In most societies and throughout history, the status of women has been akin to that of children. Both groups are maintained in a condition of privileged inferiority. Both suffer obvious modes of exploitation-sexual, legal, economic-while benefiting from a mythology of special regard. Thus Victorian sentimentalization of the moral eminence of women and young children was concurrent with brutal forms of erotic and economic subjection. Under sociological and psychological’ pressure, both minorities have developed internal codes of communication and defence (women and children constitute a symbolic, self-defining minority even when, owing to war or special circumstance, they outnumber the adult males in the community). There is a language-world of women as there is of children.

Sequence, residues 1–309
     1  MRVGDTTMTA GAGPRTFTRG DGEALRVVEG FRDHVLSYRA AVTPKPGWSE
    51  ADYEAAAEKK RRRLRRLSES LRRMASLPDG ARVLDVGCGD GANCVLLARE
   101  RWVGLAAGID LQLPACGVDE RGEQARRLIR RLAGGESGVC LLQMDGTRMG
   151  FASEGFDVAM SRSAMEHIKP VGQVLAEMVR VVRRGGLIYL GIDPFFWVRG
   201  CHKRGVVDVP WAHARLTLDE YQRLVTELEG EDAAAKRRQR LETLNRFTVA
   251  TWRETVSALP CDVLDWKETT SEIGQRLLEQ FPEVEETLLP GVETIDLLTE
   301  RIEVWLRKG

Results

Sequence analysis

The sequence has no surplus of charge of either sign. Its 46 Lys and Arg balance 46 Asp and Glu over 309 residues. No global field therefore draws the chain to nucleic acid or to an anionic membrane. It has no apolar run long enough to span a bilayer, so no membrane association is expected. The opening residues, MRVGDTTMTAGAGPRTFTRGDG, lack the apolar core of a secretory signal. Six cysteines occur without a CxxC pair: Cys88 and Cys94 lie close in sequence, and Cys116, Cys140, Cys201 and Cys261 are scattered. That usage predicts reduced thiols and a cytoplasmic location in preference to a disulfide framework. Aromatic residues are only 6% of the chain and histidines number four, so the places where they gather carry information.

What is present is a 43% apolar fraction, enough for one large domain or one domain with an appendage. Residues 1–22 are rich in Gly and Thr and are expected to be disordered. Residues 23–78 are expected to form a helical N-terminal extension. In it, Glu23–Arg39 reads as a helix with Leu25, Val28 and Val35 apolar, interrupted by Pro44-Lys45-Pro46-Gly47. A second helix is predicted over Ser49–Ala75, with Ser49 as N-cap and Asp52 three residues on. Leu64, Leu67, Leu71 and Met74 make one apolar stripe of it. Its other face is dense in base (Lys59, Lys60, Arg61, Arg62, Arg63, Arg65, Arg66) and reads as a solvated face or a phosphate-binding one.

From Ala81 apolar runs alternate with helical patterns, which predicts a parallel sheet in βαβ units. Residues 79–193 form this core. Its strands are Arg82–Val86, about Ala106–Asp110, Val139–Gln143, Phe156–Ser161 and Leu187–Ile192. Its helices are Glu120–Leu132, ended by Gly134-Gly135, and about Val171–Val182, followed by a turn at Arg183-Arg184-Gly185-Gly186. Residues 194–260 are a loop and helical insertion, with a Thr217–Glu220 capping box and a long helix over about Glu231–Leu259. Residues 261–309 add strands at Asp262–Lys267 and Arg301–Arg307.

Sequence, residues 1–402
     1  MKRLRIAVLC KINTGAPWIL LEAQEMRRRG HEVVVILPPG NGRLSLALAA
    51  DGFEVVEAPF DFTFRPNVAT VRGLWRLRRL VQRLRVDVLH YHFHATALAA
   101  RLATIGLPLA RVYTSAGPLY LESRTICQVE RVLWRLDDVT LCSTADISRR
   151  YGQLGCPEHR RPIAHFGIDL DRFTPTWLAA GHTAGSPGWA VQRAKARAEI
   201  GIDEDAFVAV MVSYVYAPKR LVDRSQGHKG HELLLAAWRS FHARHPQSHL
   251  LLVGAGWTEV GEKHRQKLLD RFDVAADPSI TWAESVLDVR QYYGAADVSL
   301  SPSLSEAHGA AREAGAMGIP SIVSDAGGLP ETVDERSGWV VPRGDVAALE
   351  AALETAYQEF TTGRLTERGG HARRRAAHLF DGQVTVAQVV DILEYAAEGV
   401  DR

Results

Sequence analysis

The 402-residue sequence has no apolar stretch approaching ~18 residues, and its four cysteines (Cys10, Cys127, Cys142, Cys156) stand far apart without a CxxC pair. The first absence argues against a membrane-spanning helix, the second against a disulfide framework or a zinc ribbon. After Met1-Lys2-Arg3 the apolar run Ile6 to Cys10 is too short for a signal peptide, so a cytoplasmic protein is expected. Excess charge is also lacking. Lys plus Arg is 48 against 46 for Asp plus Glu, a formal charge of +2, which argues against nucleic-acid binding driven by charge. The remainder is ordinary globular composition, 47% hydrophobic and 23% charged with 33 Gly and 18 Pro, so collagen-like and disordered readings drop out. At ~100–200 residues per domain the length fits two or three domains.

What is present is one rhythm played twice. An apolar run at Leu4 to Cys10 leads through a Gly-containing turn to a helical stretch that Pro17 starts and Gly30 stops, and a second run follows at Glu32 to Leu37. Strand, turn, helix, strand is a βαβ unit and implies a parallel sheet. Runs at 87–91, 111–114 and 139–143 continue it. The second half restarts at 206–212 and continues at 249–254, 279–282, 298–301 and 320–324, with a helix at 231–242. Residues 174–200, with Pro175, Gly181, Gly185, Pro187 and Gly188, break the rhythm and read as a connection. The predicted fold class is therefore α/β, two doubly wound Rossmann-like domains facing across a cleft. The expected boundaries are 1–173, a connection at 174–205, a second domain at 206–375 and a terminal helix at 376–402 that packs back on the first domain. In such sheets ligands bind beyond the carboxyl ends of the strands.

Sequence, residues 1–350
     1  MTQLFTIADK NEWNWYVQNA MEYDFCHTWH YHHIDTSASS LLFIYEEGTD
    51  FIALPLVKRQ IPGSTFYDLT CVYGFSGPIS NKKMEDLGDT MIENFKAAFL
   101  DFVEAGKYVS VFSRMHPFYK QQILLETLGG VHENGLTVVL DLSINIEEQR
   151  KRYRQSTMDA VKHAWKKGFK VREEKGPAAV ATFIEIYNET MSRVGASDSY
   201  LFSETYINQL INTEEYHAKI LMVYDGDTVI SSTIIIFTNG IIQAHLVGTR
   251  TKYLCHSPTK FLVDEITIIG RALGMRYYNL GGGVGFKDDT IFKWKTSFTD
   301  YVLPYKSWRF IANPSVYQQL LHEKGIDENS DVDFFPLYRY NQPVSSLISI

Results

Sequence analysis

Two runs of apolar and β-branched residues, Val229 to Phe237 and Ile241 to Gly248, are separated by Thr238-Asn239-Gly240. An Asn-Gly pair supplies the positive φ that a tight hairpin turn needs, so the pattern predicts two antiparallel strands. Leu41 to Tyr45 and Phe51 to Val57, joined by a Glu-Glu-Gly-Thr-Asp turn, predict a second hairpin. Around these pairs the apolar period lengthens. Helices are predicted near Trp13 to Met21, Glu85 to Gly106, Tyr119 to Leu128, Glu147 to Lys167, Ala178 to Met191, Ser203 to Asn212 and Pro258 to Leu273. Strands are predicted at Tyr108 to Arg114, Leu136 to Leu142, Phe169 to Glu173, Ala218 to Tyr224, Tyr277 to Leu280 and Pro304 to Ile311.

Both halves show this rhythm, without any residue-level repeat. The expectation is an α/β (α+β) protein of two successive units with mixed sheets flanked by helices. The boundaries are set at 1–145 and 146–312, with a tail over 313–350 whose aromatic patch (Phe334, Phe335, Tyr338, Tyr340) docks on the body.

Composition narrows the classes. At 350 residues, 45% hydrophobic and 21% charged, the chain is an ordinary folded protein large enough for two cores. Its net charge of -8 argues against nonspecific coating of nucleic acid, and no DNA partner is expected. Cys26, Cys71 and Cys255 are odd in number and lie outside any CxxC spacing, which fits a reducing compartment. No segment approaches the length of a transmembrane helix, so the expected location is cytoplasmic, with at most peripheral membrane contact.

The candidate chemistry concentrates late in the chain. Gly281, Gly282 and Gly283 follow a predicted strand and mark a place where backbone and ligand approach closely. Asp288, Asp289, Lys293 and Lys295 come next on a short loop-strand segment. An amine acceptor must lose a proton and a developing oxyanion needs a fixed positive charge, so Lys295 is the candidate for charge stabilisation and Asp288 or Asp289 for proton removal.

– George Steiner, After Babel: Aspects of Language and Translation (1975)


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